ODTs are available in HPDE bottles (Parcopa) or individually sealed in blister packs to protect the tablets from damage, moisture, and oxidation. Because ODTs are soft in nature, the ability to successfully package an ODT in a bottle is difficult. However, CIMA Labs markets their Durasolv ODT as being able to be placed into bottle for commercial sale, while CIMA's Orasolv is marketed for blisters only. Zydis ODT tablets manufactured by Catalent Pharma Solutions are delivered in a blister pack. The differences between the two CIMA products are proprietary, however, the primary difference is expected to be the use of microcrystalline cellulose (MCC), such as Avicel PH101, in the Durasolv product. MCC serves multiple purposes in an ODT but in the case of CIMA's products, it acts as a binder, increasing the internal strength of the tablet and making it more robust for packaging in bottles.
ODTs currently or previously available
Advantages of ODTs
Ved Parkash et al. note the following advantages of ODTs:
- they are easy to swallow and as such are convenient for such patients as "the elderly, stroke victims, bedridden patients, patients affected by renal failure, and patients who refuse to swallow, such as pediatric, geriatric, and psychiatric patients";
- increased bioavailability (rapid absorption) due to pregastric absorption;
- don't require water to consume and thus suitable for "patient compliant for disabled, bedridden patients, and for travelers and busy people who do not always have access to water";
- good mouth feel;
- improved safety due to low risk of choking or suffocation during oral administration.
Disadvantages of ODTs
Ved Parkash et al. lists the following disadvantages of ODTs:
- cost-intensive production process;
- lack of physical resistance in standard blister packs;
- limited ability to incorporate higher concentrations of active drug.
ODTs under development
|Product||Manufacturer||Active ingredient||Category||Indication||Intended Age Group|
|Citalopram ODT||Biovail||Citalopram||SSRIs||Major Depressive Disorder|
|Metoclopramide Zydis||Salix Pharmaceuticals||Metoclopramide||Dopamine receptor antagonists||short-term therapy for GERD, acute diabetic gastric stasis||adults|
|Reglan ODT||Schwarz Pharma||Metoclopramide||Dopamine receptor antagonists||short-term therapy for GERD, acute diabetic gastric stasis||adults|
|Tramadol/Acetaminophen ODT||Biovail||Tramadol/Acetaminophen||Opioid analgesic [Tramadol]||Pain||adults|
|Zolpidem ODT||Biovail||Zolpidem||Nonbenzodiazepine Hypnotics||Sleep disorders||adults|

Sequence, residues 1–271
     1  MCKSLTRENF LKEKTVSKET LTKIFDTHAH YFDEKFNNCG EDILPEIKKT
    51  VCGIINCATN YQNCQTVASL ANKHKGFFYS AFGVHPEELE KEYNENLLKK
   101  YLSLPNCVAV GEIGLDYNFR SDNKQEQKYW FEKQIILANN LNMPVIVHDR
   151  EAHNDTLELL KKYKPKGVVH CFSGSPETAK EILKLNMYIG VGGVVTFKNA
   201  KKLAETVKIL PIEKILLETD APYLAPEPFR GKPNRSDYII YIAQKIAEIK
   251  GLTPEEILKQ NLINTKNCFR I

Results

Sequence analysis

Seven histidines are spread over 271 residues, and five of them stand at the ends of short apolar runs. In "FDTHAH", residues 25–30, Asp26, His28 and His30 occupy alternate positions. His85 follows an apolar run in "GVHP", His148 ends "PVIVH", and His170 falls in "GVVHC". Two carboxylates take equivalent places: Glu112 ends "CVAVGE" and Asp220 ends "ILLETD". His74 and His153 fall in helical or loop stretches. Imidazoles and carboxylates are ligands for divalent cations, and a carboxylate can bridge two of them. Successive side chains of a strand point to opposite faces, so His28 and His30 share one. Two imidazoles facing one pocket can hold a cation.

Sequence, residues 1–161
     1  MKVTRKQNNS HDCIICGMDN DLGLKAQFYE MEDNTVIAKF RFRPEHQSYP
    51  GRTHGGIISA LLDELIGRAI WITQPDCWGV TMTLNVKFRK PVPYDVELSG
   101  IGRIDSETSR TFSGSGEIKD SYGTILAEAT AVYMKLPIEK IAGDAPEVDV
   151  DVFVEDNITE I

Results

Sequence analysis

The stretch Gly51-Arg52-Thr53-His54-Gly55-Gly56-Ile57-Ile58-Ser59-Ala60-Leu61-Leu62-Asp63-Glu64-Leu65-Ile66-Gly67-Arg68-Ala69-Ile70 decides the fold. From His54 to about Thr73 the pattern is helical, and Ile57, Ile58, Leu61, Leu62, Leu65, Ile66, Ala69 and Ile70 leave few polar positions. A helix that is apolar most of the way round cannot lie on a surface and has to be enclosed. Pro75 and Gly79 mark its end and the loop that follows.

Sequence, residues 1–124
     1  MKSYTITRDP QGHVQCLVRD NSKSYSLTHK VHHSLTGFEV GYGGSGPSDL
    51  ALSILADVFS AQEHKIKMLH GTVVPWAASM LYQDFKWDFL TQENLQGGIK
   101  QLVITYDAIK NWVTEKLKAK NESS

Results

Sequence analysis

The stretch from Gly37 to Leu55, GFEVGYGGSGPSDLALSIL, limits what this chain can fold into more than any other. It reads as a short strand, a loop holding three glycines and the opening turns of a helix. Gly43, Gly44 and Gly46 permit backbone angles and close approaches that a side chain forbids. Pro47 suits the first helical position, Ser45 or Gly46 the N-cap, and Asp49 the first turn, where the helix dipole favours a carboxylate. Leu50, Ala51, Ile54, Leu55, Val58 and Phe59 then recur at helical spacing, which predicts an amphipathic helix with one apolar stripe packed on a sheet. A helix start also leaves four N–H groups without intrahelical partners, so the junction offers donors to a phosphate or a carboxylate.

- Phagophobia - fear of swallowing
- Pnigophobia - fear of choking
- Sugar alcohol - a family of chemicals common in ODTs to enhance the mouth feel of the tablet as it disintegrates
- Allegra Prescribing Information
- Aricept Prescribing Information
- Maxalt Prescribing Information
- Remeron SolTob Prescribing Information
- Zofran Prescribing Information
- Orapred Prescribing Information
- Parcopa Prescribing Information
- Prevacid Prescribing Information
- Risperdal Prescribing Information
- Zelapar Prescribing Information
- Zomig Prescribing Information
- Sastry, S. et al., Pharm. Sci. & Tech. Today 3: 138-145, 2000.
- Groher ME, Bukatman MS. The prevalence of swallowing disorders in two teaching hospitals. Dysphagia. 1: 3-6, 1986.
- Layne KA, Losinski DS, Zenner PM, Ament JA. Using the Fleming index of dysphagia to establish prevalence. Dysphagia. 4: 39-42, 1989.
- US 5073374, Mccarty, John A., "Fast dissolving buccal tablet", published 1991
- US 5223264, Wehling, Fred; Steve Schuehle & Navayanarao Madamala, "Pediatric effervescent dosage form", published 1993
- US 5178878, Wehling, Fred; Steve Schuehle & Navayanarao Madamala, "Effervescent dosage form with microparticles", published 1993
- US 4946684, Blank, Robert G.; Dhiraj S. Mody & Richard J. Kenny et al., "Fast dissolving dosage forms", published 1990
- FDA Drug Details for Claritin RediTabs
- FDA Drug Details for Klonopin Wafer
- FDA Drug Details for Maxalt-MLT
- FDA Guidance for Industry Orally Disintegrating Tablets
- Abilify Prescribing Information
- Clonazepam ODT Prescribing Information
- Edluar Prescribing Information
- FazaClo Prescribing Information
- Klonopin Prescribing Information
- Unisom Drug Facts
- Zyprexa Prescribing Information
- >Ved Parkash; et al. (2011). "Fast disintegrating tablets: Opportunity in drug delivery system". http://www.ncbi.nlm.nih.gov/. Journal of Advanced Pharmaceutical Technology & Research; 2011 Oct-Dec; 2(4). Retrieved 2014-00-01. Check date values in:
|access-date=(help); External link in
- Biovail Product Pipeline
- Citalopram Prescribing Information
- Salix Pharmaceuticals Acquires Patent–Protected Metoclopramide–Zydis
- FDA Drug Approval for Reglan ODT
- Ultracet Prescribing Information
- Ambien Prescribing Information